By the end of what the Great American Music Hall called “An Evening With The Antlers,” San Francisco was drenched by rainfall. The damp dreariness of the night was fitting, considering the hard-hitting themes the Antlers grappled with throughout the course of the sold-out concert.
It has been four years since The Antlers have gotten together to play a live show. In commemoration of their critically acclaimed album Hospice turning 10 years old, the formerly three-piece, now two-piece outfit reunited to play the album in its entirety. It was a performance put on entirely for the fans, and judging from the enthusiasm and utter captivation of nearly everyone who was present, this was a well thought-out decision. There may have been attendees unfamiliar with The Antlers, but it was the clearly loyal fans that stood out the most.
As a concept album, Hospice is superb, a heart-wrenching magnum opus. In 10 songs, The Antlers tell the story of an emotionally abusive relationship between a hospice worker and a terminally ill cancer patient. Every second of the album is a punch in the gut that makes you want to profusely thank The Antlers for simultaneously saving and ruining your life.
The band elected to retell this fragile story by stripping down the songs to versions accompanied by only two guitars and a single drum. Frontman and lyricist Peter Silberman, along with other original member and drummer Michael Lerner, were joined by Tim Mislock, who also opened for the headlining act.
It was an intimate setting for an equally intimate performance. Most of the audience was seated, as the venue doubles as a restaurant and bar. Cluttered around the seated concertgoers, the standing room space was entirely taken up. As the band walked on stage and began preparing its instruments, it was greeted by fierce applause, cheers and whistles.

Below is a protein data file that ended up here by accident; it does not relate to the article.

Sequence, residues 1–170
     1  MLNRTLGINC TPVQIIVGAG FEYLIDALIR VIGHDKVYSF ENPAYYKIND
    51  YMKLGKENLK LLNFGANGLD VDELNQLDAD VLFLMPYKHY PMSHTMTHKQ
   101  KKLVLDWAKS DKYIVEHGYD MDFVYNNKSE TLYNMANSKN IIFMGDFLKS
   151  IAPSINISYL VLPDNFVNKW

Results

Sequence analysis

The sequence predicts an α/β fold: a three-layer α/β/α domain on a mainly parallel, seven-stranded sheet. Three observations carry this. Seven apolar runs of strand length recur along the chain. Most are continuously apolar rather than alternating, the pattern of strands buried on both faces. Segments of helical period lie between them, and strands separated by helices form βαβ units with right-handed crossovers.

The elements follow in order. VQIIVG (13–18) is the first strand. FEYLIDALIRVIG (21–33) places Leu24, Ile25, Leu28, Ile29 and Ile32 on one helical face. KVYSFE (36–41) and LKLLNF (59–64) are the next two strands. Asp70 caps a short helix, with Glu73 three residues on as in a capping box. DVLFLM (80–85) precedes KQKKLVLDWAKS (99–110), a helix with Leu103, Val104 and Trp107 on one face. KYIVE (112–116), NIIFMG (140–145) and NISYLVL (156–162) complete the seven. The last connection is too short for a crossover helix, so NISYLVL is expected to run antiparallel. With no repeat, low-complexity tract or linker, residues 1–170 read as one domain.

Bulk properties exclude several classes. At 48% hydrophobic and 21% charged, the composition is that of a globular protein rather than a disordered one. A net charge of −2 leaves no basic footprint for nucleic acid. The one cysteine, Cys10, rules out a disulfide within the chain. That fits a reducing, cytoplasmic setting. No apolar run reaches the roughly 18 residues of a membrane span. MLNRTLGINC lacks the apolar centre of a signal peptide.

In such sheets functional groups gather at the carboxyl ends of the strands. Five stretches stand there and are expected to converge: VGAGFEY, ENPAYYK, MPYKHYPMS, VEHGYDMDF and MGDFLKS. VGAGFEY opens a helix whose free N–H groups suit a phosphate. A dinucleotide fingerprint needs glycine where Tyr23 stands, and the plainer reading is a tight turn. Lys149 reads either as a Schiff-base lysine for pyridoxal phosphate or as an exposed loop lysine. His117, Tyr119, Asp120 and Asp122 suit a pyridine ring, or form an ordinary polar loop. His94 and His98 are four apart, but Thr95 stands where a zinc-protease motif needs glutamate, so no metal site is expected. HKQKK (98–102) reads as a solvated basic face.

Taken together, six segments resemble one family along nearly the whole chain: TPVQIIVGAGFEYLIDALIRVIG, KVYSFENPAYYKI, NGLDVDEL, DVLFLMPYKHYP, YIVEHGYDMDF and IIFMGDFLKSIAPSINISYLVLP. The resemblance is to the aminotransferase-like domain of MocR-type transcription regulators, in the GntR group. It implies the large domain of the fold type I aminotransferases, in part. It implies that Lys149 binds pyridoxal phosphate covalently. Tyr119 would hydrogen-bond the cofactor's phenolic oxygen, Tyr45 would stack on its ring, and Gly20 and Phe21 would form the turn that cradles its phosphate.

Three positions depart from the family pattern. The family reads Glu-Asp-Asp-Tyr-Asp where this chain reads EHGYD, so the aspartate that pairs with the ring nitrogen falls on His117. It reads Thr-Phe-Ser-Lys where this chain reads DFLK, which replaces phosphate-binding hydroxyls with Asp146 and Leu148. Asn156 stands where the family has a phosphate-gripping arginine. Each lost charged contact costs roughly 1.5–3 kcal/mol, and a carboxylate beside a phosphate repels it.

The Antlers, it appears, had been dearly missed by its fans.
The three men were all seated on stools, forming a half-circle in the middle of the stage. No time was wasted on initial pleasantries and audience engagement. The band immediately jumped into the instrumental “Prologue” — the first track off Hospice — before moving into “Kettering,” where Silberman was finally able to show off the falsetto that adorns so many of The Antlers’ songs.
It wasn’t until the Hospice set was nearly over that the band finally paused for a moment to share a few words with the crowd. Silberman noted that they had been to the Great American Music Hall before, and that being back after so much time was “surreal.” After thanking everyone for showing up to support the band despite their prolonged hiatus, The Antlers delved right back into the last few songs from the album, ending with the suitably named “Epilogue.”
But “Epilogue” didn’t mark the end of the night. After a brief break and a sip of tea on Silberman’s part, the band regrouped to play seven more “golden oldies” from the band’s other albums. Judging from the reverent reactions as each song began, the selections were chosen to please the crowd.
And please the crowd they did.
There was nothing new about what the Antlers showcased at the Great American Music Hall on Friday night. Of course, that’s exactly what the band was going for. It wasn’t an evening meant to boast new projects — it was an evening dedicated exclusively to the fans that have stuck by the Antlers for well over a decade. Seeing Hospice played live was nothing short of a treat. It was a gift from the Antlers, a “thank you” whispered between the lines of each song played. The band has been silent for a few years, yet its fans are anything but.
Toward the end of the set, a concertgoer emphatically proclaimed, “Go Antlers!” I have to say I wholeheartedly agree.